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Should You Put Your Money Into Dividend Stocks?

Several conditions must be met before a stockholder is eligible to receive a dividend or distribution. Those who are not “shareholders in record” as of the date set by the Board of Directors will not receive the dividend payment. When a stock trades “ex-dividend,” it means that the dividend will not be included in the shareholder’s earnings for that day. If you acquire or sell the stock after the ex-dividend date, you will not be entitled to the current dividend payment.

Even though it goes against common sense, dividend yield decreases with a stock’s price. The dividend yield of a stock measures how much money an investor receives for each dollar they put into the stock. Inexperienced investors may incorrectly assume that a higher stock price also means a higher dividend yield. To better grasp this inverse relationship, let’s have a look at the dividend yield formula.

As a rule, dividends are distributed on a per-share basis. If you own 100 shares of ABC Corporation, you will receive $100 in dividends. Let’s say ABC Company was purchased at $100 per share. This would imply spending a total of $10,000. Due to ABC Corporation’s extraordinary profitability, the board of directors has authorized an annual cash dividend of $10 per share. After holding ABC shares for a year, you will get a $1,000 dividend payment. If the stock price is $10,000 and dividends are $1,000 each year, then the yield is 10%.

Shares of ABC Company would be purchased for $200 each. If you paid $20,000 or received just 50 shares for your initial investment of $10,000, the yield would drop to 5%. As the stock price increases, the dividend yield naturally falls.

The question of whether or not dividend-paying stocks are a solid investment in the long run is an important one. Companies that are able to consistently distribute dividends to their shareholders are usually doing well financially. Investing in reliable dividend payers is a tried and true method of building wealth. Your $10,000 investment in ABC Company will grow to $11,000 after a year. Assuming the stock price remains unchanged after a year. After reinvesting your dividends, your total investment is still worth exactly what you put into it ($9,000 in stock value).

This is why stocks that pay dividends are popular. It’s an effective method of protecting against stock market volatility, and it also provides upside potential and dividend income. The purchase of dividend-paying equities is encouraged by many prominent investors, including John Bogle and Benjamin Graham.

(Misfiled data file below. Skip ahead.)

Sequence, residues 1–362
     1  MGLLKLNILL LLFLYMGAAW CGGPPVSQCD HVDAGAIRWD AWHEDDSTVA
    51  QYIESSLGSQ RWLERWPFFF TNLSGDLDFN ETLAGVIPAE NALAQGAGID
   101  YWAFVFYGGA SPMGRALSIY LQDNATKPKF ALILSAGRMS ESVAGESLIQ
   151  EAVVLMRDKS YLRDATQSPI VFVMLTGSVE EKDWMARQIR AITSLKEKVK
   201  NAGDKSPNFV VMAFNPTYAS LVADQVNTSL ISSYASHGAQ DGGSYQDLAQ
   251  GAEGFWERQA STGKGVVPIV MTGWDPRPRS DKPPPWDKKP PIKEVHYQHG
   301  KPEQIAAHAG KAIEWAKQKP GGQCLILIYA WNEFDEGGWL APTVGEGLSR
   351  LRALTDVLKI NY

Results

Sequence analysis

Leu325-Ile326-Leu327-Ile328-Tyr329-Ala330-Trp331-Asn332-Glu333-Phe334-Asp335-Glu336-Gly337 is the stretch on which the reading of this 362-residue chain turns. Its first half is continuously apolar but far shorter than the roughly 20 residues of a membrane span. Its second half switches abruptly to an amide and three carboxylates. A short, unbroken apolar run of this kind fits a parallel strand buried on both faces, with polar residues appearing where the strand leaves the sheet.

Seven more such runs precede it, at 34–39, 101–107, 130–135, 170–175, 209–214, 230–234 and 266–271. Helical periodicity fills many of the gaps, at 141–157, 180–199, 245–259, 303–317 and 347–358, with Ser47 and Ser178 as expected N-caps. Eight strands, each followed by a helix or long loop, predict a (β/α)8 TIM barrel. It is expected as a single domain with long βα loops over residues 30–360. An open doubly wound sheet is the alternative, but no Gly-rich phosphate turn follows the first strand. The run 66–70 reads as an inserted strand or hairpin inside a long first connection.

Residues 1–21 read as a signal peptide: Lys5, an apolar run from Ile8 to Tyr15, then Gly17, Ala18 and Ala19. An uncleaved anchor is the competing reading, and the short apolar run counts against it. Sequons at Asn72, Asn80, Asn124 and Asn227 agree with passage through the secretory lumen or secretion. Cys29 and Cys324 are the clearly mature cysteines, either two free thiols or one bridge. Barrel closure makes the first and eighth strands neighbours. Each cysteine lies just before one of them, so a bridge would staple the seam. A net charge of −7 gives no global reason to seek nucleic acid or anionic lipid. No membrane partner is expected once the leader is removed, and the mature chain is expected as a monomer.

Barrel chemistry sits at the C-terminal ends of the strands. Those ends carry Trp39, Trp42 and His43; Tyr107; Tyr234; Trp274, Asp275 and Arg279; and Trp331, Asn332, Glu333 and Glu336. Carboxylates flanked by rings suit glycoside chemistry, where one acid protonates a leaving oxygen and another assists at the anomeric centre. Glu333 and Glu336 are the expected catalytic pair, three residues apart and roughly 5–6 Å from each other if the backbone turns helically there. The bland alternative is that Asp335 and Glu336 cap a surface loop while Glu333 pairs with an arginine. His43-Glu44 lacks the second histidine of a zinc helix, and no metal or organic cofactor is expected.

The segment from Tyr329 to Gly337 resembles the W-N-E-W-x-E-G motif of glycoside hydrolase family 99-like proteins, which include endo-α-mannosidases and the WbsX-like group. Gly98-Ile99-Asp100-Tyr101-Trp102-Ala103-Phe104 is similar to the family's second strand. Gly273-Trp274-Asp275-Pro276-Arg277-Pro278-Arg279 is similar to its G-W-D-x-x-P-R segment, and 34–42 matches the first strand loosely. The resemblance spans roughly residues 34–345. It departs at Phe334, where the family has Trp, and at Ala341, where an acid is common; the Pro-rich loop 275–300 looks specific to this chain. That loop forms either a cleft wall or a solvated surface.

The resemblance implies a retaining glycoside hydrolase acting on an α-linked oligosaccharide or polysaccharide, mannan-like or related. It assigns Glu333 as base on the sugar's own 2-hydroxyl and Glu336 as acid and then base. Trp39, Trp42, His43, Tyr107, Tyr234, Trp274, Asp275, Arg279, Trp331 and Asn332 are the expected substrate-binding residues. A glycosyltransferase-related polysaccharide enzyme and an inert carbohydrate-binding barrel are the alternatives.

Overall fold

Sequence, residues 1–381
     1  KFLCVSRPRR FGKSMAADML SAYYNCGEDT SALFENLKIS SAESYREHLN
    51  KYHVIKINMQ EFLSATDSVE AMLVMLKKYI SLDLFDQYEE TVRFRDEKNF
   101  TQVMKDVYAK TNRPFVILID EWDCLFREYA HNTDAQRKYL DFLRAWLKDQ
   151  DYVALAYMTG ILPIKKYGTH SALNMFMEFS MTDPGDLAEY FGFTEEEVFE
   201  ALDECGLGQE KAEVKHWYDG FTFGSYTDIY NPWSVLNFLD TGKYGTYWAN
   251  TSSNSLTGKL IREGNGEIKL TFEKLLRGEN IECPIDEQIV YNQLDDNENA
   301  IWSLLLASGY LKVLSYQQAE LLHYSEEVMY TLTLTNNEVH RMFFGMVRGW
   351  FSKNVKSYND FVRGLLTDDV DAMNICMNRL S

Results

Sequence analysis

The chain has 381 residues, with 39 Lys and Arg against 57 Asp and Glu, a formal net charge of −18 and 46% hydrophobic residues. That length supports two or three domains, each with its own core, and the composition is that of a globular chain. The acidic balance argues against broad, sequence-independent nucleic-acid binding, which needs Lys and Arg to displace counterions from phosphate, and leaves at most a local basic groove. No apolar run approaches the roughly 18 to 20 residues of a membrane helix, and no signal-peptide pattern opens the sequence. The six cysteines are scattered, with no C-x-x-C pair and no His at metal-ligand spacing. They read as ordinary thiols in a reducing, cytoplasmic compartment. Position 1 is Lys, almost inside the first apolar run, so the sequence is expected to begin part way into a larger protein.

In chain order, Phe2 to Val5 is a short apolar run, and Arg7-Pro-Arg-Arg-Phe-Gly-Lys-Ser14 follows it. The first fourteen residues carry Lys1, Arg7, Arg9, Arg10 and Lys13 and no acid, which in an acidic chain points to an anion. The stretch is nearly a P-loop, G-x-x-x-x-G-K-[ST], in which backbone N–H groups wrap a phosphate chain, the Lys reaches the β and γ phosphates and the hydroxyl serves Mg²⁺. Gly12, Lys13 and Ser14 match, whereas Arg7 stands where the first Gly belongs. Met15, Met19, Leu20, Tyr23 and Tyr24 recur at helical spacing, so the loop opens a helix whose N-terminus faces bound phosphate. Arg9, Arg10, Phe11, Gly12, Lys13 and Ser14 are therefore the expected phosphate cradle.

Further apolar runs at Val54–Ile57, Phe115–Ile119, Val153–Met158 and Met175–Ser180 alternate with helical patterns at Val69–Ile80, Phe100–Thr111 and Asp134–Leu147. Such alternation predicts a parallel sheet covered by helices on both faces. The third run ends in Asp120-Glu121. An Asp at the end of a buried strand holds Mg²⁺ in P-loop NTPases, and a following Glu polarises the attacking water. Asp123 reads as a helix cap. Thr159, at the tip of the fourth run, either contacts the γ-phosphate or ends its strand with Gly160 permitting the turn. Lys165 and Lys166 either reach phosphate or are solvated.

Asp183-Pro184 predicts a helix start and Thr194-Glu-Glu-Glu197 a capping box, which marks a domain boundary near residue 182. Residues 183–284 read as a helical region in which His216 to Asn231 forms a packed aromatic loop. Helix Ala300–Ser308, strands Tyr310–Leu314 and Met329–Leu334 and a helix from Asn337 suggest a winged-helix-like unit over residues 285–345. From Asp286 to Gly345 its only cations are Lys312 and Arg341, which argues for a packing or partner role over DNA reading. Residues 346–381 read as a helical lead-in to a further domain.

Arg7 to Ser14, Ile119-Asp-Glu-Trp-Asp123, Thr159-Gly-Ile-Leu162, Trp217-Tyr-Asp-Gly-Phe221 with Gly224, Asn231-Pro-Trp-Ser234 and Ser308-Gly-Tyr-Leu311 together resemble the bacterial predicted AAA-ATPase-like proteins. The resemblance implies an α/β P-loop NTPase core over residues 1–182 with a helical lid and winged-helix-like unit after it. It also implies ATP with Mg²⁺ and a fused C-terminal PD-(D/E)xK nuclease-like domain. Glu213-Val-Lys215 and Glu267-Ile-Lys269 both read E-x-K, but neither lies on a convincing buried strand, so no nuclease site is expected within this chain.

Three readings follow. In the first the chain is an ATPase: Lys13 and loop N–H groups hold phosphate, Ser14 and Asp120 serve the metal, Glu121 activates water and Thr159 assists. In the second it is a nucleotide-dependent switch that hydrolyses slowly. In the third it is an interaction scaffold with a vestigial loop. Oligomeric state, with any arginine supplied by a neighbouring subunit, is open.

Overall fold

During the 2008–2009 economic crisis, nearly all major banks reduced or discontinued dividend distributions. These corporations have a long history of regularly rewarding shareholders with dividend payments every three months. Despite a long track record, many payouts were cut.

As a result, dividends are not assured and are instead vulnerable to external and internal factors. The fact that dividend-paying companies tend not to be industry leaders in terms of growth is a possible downside to buying their stock. High-growth firms have outperformed most stocks over the years, but they have very rarely paid out substantial dividends to shareholders. Growth firms place a premium on R&D, capital growth, and holding onto their best people. Consolidations via mergers and acquisitions also occur often. The profits made by these businesses are kept in-house and used for expansion rather than distributed as dividends to shareholders.

Extraordinarily high-yielding companies should also be avoided. As we have shown, falling stock prices can actually result in rising dividends. The dividend is a major motivating factor for many first-time stock buyers. The optimal size of a dividend payout is not established by law or consensus.

Companies in the S&P 500 index that pay dividends typically have an average dividend yield of 2–5%, depending on market conditions. Stocks with yields higher than 8% merit further investigation into their genuine state. You’ll be able to tell the difference between a company that’s truly in crisis and one that’s only momentarily out of favor, which will aid you in making a wise investment choice.

What do you think?

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